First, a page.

You must also note that places are limited on some courses and/or subject to specific entry requirements. The School cannot therefore guarantee you a place. Please note that changes to programmes and courses can sometimes occur after you have accepted your offer of a place. These changes are normally made in light of developments in the discipline or path-breaking research, or on the basis of student feedback. Changes can take the form of altered course content, teaching formats or assessment modes. Any such changes are intended to enhance the student learning experience. You should visit the School’s Calendar, or contact the relevant academic department, for information on the availability and/or content of courses and programmes of study. Certain substantive changes will be listed on the updated graduate course and programme information page.

Teaching and assessment

Contact hours and independent study

At LSE you will take a number of courses, often including half unit courses and full unit courses. In half unit courses, on average, you can expect 20-30 contact hours in total and for full unit courses, on average, you can expect 40-60 contact hours in total. This includes sessions such as lectures, classes, seminars or workshops. Hours vary according to courses and you can view indicative details in the Calendar within the Teaching section of each course guide

You are also expected to complete independent study outside of class time. This varies depending on the programme, but requires you to manage the majority of your study time yourself, by engaging in activities such as reading, note-taking, thinking and research. 

Teaching methods

LSE is internationally recognised for its teaching and research and therefore employs a rich variety of teaching staff with a range of experience and status. Courses may be taught by individual members of faculty, such as lecturers, senior lecturers, readers, associate professors and professors. Many departments now also employ guest teachers and visiting members of staff, LSE teaching fellows and graduate teaching assistants who are usually doctoral research students and in the majority of cases, teach on undergraduate courses only. You can view indicative details for the teacher responsible for each course in the relevant course guide

Asssessment

The courses in London will be taught in English, while those in Beijing will be taught in Chinese or English, giving you a choice about which language you want to use for your study. All taught courses are required to include formative coursework which is unassessed. It is designed to help prepare you for summative assessment which counts towards the course mark and to the degree award. LSE uses a range of formative assessment, such as essays, problem sets, case studies, reports, quizzes, mock exams and many others. Assessment is primarily by examination, although some courses also have an assessed course work component. An indication of the formative coursework and summative assessment for each course can be found in the relevant course guide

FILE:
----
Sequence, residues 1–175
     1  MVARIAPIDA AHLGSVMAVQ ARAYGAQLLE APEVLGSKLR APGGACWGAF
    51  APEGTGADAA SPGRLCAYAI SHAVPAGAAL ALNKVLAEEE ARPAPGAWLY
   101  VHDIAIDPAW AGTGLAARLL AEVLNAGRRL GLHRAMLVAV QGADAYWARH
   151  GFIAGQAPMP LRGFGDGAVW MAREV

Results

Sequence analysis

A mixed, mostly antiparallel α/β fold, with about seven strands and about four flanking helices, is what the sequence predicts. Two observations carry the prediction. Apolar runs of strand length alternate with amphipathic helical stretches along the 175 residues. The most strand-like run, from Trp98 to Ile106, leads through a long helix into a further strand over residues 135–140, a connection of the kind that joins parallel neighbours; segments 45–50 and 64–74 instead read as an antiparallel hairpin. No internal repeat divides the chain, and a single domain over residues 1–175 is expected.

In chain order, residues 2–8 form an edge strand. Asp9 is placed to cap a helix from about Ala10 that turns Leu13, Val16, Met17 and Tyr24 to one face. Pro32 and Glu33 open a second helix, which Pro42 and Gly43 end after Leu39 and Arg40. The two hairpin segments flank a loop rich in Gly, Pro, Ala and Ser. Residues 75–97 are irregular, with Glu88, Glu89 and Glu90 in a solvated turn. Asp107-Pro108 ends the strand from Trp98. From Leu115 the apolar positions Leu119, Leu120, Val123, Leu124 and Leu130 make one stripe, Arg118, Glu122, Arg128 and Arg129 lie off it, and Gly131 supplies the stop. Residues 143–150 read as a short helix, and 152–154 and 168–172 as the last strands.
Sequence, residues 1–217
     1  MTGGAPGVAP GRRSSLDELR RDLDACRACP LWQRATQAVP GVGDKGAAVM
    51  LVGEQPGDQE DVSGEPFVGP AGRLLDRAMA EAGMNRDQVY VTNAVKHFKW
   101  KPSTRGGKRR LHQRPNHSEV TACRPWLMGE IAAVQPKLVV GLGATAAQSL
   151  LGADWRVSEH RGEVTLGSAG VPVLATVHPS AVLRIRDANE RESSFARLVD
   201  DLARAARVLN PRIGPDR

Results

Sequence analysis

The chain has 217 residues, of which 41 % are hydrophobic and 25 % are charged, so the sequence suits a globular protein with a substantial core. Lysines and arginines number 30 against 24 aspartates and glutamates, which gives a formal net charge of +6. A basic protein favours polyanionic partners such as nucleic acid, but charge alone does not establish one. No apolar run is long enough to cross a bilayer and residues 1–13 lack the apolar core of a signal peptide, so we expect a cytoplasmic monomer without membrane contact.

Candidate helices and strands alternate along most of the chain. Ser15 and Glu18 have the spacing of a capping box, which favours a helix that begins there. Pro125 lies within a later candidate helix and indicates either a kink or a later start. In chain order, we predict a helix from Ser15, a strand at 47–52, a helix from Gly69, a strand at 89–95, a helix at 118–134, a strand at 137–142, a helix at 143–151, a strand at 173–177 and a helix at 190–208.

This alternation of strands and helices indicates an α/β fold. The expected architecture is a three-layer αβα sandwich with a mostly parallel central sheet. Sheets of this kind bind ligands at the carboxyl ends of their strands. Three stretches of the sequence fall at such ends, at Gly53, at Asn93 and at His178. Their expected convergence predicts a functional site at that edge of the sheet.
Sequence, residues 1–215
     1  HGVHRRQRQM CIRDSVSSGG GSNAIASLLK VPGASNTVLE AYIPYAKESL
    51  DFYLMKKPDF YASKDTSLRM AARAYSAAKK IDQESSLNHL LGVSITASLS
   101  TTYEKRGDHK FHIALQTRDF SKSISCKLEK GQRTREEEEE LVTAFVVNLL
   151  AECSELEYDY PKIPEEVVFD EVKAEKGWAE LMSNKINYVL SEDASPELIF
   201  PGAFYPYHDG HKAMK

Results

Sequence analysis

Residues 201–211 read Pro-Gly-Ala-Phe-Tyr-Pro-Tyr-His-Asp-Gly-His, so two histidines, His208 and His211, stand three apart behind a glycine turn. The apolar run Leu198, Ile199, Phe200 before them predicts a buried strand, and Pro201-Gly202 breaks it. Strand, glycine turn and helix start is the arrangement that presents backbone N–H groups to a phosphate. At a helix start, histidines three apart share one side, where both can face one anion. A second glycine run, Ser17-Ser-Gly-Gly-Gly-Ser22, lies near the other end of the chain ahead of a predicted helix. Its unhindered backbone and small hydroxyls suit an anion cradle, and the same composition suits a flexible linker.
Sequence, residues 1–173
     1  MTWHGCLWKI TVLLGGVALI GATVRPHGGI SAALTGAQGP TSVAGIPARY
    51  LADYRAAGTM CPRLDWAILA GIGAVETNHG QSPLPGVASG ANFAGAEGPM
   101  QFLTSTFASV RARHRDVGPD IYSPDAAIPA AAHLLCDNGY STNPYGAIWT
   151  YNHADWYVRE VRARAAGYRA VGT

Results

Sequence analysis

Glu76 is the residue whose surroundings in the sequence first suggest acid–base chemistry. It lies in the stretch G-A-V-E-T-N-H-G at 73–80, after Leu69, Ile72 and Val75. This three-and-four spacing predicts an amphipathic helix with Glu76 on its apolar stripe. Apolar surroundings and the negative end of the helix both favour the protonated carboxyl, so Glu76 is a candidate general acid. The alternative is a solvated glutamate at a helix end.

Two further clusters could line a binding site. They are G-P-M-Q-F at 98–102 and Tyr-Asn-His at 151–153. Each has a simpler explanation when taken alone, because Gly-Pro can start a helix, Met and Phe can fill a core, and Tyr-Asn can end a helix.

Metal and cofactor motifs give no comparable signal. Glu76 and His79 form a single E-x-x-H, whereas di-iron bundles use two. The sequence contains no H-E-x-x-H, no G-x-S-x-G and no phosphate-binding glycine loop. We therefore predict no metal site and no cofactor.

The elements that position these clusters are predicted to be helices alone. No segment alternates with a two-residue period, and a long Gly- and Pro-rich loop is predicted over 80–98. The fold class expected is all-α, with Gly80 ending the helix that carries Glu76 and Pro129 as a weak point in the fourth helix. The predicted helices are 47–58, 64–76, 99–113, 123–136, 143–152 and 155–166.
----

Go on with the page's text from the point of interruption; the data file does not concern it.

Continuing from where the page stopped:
To successfully progress to the second year at the LSE, you must obtain 22 credits and finish a dissertation in year one at Peking University. Please note that while its completion is compulsory, the PKU dissertation does not carry any credits. To progress to the second year you must also achieve minimum pass grades in all courses and the dissertation defence before 15th July.

Failure to achieve pass in any courses (including the dissertation) will lead to retaking the courses and re-sitting the exams in the following year. Students who have failed the defence in July will have another chance to defend their thesis either by September 10 of the same year or by 15 July of the following year. In the latter case, the student will not be allowed to progress to LSE in the second year. In case of a second failure to defend the thesis, the student will drop off from the programme.

PRC students who cannot achieve LSE’s required English language proficiency qualifications required by 15th July of the first year will not be allowed to progress to the second year. Students who qualify for progression for the second year at LSE will be included on a progression list sent from PKU to LSE in mid-July. These students will then receive information about applying for their visa and registration at LSE.

Upon successful completion of studies at both institutions, students will be conferred Master Degree of Law and Master Degree of Sciences by PKU and LSE respectively.

Academic support

You will also be assigned an academic adviser who will be available for guidance and advice on academic or personal concerns.